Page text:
Alli Templeton

I can’t believe you live so close to somewhere so breath-taking that it’s not worth staying away overnight! I’m constantly impressed with your photos and what you achieve with that camera, but you’ve excelled yourself here. You should do a calendar – I’d have one! Sounds like a wonderful few walks in the most fabulous of wildernesses, and I’m so glad to hear your hip is all better now. Running must feel doubly good now. I really enjoyed this post, and thanks for sharing your gorgeous photos. πŸ™‚

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7 06 2019
mountaincoward

I do a calendar every year πŸ™‚ I used to do two when I was going up to Scotland all the time – a Scottish one and a Lake District one. Last year and this year were my best lake and tarn photos. I’ve often thought about putting a post out showing which photos are going in the next year’s calendar – perhaps I’ll do that. I’ve already started a shortlist of this year’s photos as it’s been quite a good year for quality photos for a change!

Liked by 1 person

7 06 2019
Alli Templeton

Oh that’s amazing that you already do a calendar! You should definitely put up a post for next year’s. I’m looking forward to seeing it already. You have got a great crop to choose from already. πŸ™‚

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7 06 2019
mountaincoward

I also do a desk calendar at work with the same photos and the lads in my department hate the outdoors so they keep throwing it away! 😦

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7 06 2019
Alli Templeton

Well that’s just criminal… 😦

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7 06 2019
The Mindful Falconer's Journal

Beautiful.

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7 06 2019
mountaincoward

Haystacks and its tarns is probably the most beautiful part of The Lakes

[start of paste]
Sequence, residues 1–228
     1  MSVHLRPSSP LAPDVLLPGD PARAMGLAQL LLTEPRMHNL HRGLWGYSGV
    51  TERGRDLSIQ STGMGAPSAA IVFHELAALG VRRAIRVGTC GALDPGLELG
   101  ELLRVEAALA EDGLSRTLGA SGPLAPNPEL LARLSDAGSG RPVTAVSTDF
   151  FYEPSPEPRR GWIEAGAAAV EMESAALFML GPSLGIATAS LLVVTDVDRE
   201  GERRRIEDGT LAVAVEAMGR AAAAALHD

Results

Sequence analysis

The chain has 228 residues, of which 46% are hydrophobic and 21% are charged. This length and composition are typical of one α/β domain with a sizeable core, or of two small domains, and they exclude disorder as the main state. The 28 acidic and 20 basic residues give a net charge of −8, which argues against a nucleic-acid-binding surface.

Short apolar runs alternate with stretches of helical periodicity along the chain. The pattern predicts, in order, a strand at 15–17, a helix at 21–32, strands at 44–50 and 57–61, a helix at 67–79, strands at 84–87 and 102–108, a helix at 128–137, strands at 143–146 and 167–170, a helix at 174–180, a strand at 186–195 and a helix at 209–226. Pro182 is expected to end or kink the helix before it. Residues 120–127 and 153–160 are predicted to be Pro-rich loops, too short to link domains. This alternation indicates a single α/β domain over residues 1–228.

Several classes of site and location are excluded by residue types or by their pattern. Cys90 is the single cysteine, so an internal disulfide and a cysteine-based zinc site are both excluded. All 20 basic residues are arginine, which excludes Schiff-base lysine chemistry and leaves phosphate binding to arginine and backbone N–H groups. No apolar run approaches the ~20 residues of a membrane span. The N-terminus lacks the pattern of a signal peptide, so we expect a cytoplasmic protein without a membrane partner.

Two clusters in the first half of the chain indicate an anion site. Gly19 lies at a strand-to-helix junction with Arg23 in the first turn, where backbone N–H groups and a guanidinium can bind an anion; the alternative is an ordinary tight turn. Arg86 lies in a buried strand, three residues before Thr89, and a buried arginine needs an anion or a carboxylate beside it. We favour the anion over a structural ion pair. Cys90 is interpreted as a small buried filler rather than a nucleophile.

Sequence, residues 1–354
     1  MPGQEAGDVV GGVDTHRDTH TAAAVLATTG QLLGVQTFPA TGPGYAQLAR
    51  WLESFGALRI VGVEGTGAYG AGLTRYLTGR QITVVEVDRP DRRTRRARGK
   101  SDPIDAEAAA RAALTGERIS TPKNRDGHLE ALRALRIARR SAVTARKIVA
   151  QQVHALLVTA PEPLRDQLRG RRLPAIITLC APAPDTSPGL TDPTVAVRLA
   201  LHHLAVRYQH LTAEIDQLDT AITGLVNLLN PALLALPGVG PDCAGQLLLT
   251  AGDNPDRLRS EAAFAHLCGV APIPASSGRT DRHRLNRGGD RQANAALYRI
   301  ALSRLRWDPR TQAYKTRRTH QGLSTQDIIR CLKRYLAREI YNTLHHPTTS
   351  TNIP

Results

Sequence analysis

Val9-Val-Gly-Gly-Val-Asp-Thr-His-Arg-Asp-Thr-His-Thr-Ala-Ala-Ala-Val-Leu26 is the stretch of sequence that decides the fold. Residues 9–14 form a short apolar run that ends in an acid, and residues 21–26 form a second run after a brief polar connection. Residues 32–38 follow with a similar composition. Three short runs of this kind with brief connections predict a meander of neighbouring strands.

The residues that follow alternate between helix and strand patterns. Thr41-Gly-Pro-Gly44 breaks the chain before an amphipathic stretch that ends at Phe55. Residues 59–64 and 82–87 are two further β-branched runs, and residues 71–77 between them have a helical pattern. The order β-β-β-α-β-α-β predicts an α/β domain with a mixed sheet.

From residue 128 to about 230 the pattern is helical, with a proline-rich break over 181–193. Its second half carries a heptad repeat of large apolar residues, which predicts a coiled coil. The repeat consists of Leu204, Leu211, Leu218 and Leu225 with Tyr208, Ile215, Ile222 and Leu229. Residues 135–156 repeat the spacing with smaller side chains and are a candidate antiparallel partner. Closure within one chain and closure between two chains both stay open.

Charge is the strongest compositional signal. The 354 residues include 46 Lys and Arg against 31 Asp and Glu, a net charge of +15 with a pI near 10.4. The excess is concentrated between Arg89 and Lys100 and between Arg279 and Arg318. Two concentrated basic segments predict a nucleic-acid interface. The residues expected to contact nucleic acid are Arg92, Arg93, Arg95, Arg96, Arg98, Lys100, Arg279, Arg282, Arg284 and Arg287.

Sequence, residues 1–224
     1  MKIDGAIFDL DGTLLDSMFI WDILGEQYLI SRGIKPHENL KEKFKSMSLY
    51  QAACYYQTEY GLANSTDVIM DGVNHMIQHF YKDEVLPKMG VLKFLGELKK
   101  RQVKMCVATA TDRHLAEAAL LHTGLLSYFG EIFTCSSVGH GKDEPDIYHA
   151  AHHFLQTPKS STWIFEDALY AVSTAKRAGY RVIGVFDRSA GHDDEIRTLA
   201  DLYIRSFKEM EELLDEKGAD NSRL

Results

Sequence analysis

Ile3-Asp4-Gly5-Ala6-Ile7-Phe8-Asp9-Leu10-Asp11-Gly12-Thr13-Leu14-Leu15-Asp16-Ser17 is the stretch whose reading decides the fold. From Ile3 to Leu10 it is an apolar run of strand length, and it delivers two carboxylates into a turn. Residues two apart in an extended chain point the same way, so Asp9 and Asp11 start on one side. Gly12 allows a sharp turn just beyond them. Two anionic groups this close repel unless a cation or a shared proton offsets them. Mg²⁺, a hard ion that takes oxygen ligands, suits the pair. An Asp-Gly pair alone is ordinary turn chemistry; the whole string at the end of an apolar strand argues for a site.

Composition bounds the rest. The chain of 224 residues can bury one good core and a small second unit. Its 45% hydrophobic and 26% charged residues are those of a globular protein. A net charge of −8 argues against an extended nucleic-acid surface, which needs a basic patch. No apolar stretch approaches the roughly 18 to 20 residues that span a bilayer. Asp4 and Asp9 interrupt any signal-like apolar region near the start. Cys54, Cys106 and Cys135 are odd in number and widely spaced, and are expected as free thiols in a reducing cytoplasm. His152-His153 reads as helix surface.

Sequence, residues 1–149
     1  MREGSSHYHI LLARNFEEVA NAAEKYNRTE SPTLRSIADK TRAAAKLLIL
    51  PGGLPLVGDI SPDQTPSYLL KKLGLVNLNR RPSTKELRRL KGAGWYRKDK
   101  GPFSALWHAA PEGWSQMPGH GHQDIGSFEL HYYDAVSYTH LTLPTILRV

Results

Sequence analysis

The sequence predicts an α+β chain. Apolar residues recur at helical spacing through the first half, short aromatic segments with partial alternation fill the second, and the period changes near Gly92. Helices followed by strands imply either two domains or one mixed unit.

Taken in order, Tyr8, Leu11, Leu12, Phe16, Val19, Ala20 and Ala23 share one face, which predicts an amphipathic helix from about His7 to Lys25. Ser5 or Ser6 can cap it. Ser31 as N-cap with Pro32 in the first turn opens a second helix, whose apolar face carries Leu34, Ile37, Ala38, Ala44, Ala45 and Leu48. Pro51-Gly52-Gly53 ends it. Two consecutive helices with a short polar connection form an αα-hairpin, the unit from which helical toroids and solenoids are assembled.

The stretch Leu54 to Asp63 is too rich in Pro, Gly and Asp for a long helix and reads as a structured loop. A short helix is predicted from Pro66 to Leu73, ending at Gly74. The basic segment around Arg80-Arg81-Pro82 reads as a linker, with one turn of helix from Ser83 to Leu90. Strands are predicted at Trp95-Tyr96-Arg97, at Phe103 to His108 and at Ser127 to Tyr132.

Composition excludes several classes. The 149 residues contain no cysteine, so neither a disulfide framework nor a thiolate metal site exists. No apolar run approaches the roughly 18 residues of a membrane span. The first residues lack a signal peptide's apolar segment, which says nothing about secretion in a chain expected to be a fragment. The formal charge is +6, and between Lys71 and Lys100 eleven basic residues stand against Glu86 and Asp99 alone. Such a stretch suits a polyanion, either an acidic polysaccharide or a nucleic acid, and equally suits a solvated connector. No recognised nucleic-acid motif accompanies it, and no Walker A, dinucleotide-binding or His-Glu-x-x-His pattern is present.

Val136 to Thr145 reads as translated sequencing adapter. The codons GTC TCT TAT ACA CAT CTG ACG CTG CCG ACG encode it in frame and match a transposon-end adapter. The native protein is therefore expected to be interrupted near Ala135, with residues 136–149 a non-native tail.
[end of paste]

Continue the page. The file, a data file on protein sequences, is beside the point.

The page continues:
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7 06 2019
LensScaper

A very long time ago – 1968, I think – I stayed in a small B&B called Rose Cottage in centre of Rosthwaite, in the company of our college Dean and three or four other undergraduates (actually we were very new Graduates having just sat our finals). Our Dean was an extraordinary walker and the finale to the week was a 24hour walk. We arrived at the summit of Scafell just as dawn was breaking, having walked through the night. The Dean carried with him a copy of the Psalms in Hebrew which he would read while eating a packed lunch, translating into English as he read. He was a remarkable man.

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7 06 2019
mountaincoward

I know the cottage you mean – it’s still there and still a holiday let. Quite a tiny cottage. Your ex-Dean sounds a fascinating character – fancy knowing Hebrew!

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7 06 2019
LensScaper

As well as being Dean, he Taught Latin, Hebrew and Greek

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7 06 2019
mountaincoward

I wish I’d learned Latin like my walking buddy Richard did – it teaches you so much about the root of a lot of the English language. I’d also like to do some archaic languages like Hebrew. Apparently I have a flair for languages πŸ™‚

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7 06 2019
simplywendi

this looks like to much fun!

Liked by 1 person

7 06 2019
mountaincoward

we always do that walk if it’s a nice day and we’re in lazy mood – lots of lolling around by the various tarns and lazing in general πŸ™‚

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7 06 2019
simplywendi

wow! what beauty you are blessed with daily.